Like Verne's novel, Miller's production is epic in scope, and madly ambitious. He has collaborated with filmmaker, Deco Dawson who creates the world of Captain Nemo's submarine, THE NAUTILUS, and life under and on the sea, with a series of fantastic layered projections. Puppets and performers animate a world that floats between a polluted, technology driven present, and a past where war, and whaling left the oceans awash in blood.
The production has jaw-dropping magical segments, and plenty of plot: perhaps a little too much.
The script's fusion of a contemporary narrative with a Verne-inspired past works pretty well in the first act, but hasn't quite been sorted out in the second half.
There's a big chunk of clunky exposition in Act II that isn't integrated into the rest of the action-driven script. I get that we are going to have to resolve water issues as a society, but that doesn't absolve playwrights of the need to resolve the plot lines in their scripts. Moreover, the story doesn't have any clear ending.
200,000 Leagues has a lot going for it. The cast has good chemistry and it is beautiful to look at. I think once the story is more polished, and the script and the technology are better integrated, this show will really shine. Last week, the tech and the story hadn't quite melded into a seamless whole. The show has another outing at the GRAND Theatre in London this winter. Catch it there, when it is a bit more together.
Down the street, at the Young Centre for the Performing Arts, Ravi Jain is performing an intimate folk tale from his childhood, which he uses to examine the plight of people forced into exile, by climate change.
As the son of immigrants, Jain tells us he is drawn to the plight of migrants, and you really feel his heart in this production.
Jain is both a thoughtful and and intelligent writer, and a wonderfully engaging, and skillful performer. He slides out of a formal black paisley South Asian gentleman's coat, and magically materializes a series of costume pieces, and a traditional masque, which he uses to transition into the narrator of a compellingly told tale of two warriors, engaged in a game of greed, and gambling run amok.
Jain's fine physical performance of the story is well supported by Gurpreet Chana's hypnotic tabla music, Nicholas Murray's sound design, and Daniel LeClerc's video shadow puppets. The blend of projections on two spinning, sliding screens and Jain's clever movement let us fly with him, as he moves through his epic folk tale. The elegant set by Ken MacKenzie is simple, evocative, and very effective.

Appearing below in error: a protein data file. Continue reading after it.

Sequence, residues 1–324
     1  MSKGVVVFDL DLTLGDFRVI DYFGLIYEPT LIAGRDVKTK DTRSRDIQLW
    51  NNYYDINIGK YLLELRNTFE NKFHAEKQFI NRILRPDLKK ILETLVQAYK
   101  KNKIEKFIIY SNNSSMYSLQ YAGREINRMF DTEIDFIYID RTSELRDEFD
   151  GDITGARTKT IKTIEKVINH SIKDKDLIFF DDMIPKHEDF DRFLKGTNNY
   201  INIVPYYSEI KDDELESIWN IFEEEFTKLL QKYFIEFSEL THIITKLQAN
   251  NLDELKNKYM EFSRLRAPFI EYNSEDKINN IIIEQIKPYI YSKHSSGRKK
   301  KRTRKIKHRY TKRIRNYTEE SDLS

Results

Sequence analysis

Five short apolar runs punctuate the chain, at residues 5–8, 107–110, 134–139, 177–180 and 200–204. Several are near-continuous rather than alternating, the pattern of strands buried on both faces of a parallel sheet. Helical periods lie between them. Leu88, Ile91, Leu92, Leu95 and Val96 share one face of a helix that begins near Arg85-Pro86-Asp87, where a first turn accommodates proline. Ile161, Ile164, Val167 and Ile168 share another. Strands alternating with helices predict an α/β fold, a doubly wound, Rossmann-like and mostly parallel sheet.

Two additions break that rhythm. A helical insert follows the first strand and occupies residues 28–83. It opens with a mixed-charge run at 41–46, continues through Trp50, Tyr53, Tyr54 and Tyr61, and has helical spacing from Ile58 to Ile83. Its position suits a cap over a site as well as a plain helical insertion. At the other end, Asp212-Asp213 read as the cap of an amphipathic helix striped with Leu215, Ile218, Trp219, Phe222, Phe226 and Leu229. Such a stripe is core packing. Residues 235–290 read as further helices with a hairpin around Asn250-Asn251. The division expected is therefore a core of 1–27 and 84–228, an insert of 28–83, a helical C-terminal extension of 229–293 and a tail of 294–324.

Towards the end, Jain invites the audience to join him in telling the story, or rather in imagining a world where connection and compassion triumph over greed and self-interest. I understood why he chose to end it as he did, given his theme. However his sophisticated performance, and the amorphous ending aren't well-melded, and I felt left hanging.
It's a lovely show with a lot of heart, it just didn't feel quite finished.
Then Tuesday, Robert Lepage opened 887 at Canadian Stage, and we all got what we came for: a stunning work of art by Le Maitre, at the top of his form.
Simply, on a black stage, Lepage begins to tells a story. He has been asked to learn a poem, for the 40th anniversary celebration of a famous night in Quebec cultural history: La Nuit de Poesie. The poem is "Speak White" by Michele Lalonde.
The present day Lepage worries about his memory: is he going senile, like his grandmother? Why can he remember phone numbers from childhood, but none from last week? Why is it so hard to learn a poem, now that he is past 50? What will the world remember of his ephemeral theatre creations when he's gone?
As the black cube stunningly morphs into his childhood apartment building, his aunt and uncle's house, his present chic downtown condo, and many other things, he shows us what led to the Quiet Revolution, the FLQ Crisis, and to the separatist sentiments in Quebec, that go underground, but never die: the way French Canadians were exploited as cheap labour, and treated as second-class citizens.
Lepage's family, neighbours, and hometown come to life: from his father's taxi cab awash in cigarette smoke, and American music, to the sad, scary and funny goings on in the homes of his neighbours.
The integration of the many design elements: projections, scale models, and smart phone technology was seamless, drawing us deeper and deeper into the vortex of the story. The show makes brilliant use of technology to enhance and support Lepage's heart-breaking narrative about a part of Canadian history many of us would rather forget.
Lepage knows exactly where, when, and how he wants to end his story, pulling together the narrative lines of history and family in a gut-wrenching, emotional punch.
Lepage brought his technicians onto the stage for the curtain call. He, and they received a well deserved standing ovation. Ex Machina, indeed.
887 reminds us if we forget our history, we are destined to repeat it. It is the theatre event of the festival.
20,000 LEAGUES UNDER THE SEA will re-open at the Grand Theatre, London Ontario, this winter. GIMMIE SHELTER and 887 continue this weekend at the PANAMANIA Theatre Festival.
For dates, times and tickets, go to www.toronto2015.org/panamania